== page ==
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Author Topic: AP EXCLUSIVE: Power grid change may disrupt clocks  (Read 2249 times)
KK7UV
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« on: June 26, 2011, 05:31:45 AM »

For discussion:  What will an altered frequency do for radio equipment?

http://www.cbsnews.com/stories/2011/06/24/ap/tech/main20074275.shtml


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KE3WD
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« Reply #1 on: June 26, 2011, 07:16:08 AM »

The old synchron motor analog clocks are the ones that need the line frequency to remain constant in order to keep good time. 

That AP story references modern timekeeping devices such as coffeemakers, digital clocks, and the like, every one I've examined uses its own quartz-based timekeeping oscillator that is independent of AC line frequency. 

As for Amateur radio gear and even gear made for other services, highly unlikely that the amount of variation described would affect any of them at all. 

The analog synchron clock is today an antique and there are likely not very many left in daily use. 

There will probably be a few really old systems, such as the synchron clock systems in use in some public schools and other larger facilities that may need to be revisited from such a change - and that is what I think the power company engineers are talking about when they say in the article that they would like to implement the change and see who reports what, when and how.  There would still be a way to workaround with the old systems, if total replacement proved to be cost prohibitive, a good engineer could design a retrofit power system for those large system synchron clocks that, locked to its own quartz, could keep 'em running with even better precision and accuracy than they've ever enjoyed from powerline frequency control. 

This is NOT another "end-of-the-world-as-we-know-it" situation IMO. although Hammond tonewheel organists may suddenly find that they may not enjoy being the church's or band's Tuning Reference any longer...


73
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K8AXW
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« Reply #2 on: June 26, 2011, 09:01:41 PM »

True, it might not be the "end of the world" problem.... but I believe it will create a whole host of new problems that has to be delt with.  Anything controlled by line frequency.  Like your VCR, DVR most clocks, digital as well as analog....(Not all digital clocks use crystal frequency generators) computers, industrial controls......time using your imagination will flesh out this scenerio.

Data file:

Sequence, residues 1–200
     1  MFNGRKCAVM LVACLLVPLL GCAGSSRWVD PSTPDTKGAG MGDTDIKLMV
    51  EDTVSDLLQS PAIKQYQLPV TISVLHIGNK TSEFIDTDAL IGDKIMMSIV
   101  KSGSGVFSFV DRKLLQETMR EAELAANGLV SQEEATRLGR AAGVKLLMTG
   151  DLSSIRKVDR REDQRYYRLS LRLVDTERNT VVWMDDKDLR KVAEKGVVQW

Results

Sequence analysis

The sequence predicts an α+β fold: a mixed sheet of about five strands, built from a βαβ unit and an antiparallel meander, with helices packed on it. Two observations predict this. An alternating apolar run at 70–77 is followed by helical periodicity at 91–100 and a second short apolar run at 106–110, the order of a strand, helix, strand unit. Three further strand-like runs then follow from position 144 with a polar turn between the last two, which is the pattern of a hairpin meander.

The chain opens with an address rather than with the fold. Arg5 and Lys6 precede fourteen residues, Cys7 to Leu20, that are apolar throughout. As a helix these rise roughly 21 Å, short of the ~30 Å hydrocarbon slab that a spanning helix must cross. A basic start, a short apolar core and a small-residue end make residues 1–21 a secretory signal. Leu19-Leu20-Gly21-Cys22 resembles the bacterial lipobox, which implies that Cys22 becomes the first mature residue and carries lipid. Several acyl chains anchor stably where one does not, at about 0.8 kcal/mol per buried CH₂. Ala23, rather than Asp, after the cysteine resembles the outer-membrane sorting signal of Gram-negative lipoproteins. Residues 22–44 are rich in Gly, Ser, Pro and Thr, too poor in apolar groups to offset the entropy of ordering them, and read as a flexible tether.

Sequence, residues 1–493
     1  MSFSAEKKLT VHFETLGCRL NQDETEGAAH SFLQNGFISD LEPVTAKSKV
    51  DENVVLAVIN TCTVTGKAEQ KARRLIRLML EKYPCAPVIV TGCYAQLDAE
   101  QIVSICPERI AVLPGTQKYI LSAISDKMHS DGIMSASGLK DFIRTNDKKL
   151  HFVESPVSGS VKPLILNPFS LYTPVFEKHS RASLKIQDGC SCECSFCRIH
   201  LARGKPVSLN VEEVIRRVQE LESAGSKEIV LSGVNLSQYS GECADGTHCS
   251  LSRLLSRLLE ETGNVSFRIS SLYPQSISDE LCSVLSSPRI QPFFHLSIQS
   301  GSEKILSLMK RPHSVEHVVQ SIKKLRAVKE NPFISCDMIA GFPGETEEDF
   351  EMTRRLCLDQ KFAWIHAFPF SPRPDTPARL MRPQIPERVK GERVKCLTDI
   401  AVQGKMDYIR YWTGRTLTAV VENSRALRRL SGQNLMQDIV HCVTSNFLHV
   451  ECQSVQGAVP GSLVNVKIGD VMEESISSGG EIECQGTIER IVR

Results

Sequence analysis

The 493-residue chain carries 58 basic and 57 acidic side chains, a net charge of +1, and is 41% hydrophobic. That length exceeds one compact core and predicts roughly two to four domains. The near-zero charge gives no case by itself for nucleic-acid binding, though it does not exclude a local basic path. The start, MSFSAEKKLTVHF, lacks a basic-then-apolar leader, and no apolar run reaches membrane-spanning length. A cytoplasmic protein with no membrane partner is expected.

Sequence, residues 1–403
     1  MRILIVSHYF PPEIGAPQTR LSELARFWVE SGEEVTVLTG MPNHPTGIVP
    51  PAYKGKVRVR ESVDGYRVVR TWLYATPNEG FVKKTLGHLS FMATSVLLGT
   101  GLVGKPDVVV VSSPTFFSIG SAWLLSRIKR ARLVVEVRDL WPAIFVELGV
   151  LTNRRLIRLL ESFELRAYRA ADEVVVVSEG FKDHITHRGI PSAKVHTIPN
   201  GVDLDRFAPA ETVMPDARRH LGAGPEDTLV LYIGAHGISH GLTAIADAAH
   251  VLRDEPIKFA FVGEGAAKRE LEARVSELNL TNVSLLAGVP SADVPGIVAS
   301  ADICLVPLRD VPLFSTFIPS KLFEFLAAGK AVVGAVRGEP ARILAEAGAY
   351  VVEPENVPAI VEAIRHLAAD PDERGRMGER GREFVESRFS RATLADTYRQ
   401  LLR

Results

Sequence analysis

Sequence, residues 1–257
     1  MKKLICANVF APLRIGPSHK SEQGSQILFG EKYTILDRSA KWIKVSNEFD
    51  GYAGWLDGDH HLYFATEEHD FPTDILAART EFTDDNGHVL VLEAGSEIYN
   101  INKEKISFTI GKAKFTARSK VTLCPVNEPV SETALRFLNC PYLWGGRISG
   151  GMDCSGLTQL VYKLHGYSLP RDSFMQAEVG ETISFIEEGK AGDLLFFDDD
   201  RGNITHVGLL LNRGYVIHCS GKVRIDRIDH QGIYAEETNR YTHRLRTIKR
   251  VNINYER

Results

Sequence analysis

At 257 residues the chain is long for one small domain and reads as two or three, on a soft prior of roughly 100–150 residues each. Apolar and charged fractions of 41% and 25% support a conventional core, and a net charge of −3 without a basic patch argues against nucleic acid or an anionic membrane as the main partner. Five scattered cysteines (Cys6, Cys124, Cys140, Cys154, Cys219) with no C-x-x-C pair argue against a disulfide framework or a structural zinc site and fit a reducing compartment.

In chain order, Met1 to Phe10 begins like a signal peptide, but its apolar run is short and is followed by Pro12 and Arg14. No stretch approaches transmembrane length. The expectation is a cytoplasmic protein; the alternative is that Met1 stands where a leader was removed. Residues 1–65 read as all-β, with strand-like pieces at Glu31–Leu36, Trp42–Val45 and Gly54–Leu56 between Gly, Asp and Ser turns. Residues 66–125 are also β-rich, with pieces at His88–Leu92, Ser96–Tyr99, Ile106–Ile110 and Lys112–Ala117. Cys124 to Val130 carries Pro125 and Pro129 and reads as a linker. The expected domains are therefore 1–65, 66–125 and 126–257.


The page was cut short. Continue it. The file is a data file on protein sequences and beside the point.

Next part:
I spent many years operating 7 turbo-generators and manually maintaining 60Hz with a commercial power company controlled analog clock which was compared to an identical analog clock on our system. 

If the power companies let the frequency sag just 0.5 second, (59.5Hz) at the end of 8 hours your clocks will have slowed down 4 minutes!  Now if you want to record a TV program, you will lose 4 minutes of that program. That's just for 1/2 Hz!  If the frequency is allowed to sag much below that serious things happen in industry. 

This is just another way the "bean counters" want to save a few bucks!

IT NEVER STOPS!


 


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KE3WD
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« Reply #3 on: June 27, 2011, 06:25:17 AM »

My imagination is quite well, thank you very much. 

Over the years I have also been inside *many* consumer electronics items, and again say that the majority of clocks in them do indeed use the quartz timebase and not the line frequency.  It is simply cheaper to implement and uses less parts.  Also, that allows them to run from DC power supply, whether or not the unit is battery powered is irrelevant, it is simply more cost effective from the manufacturing standpoint to go with the quartz timebase.  And no need to tap into the AC line and have to deal with yet another consumer safety issue there (isolation, etc.). 

Do you know the story behind the synchron clock and the power companies?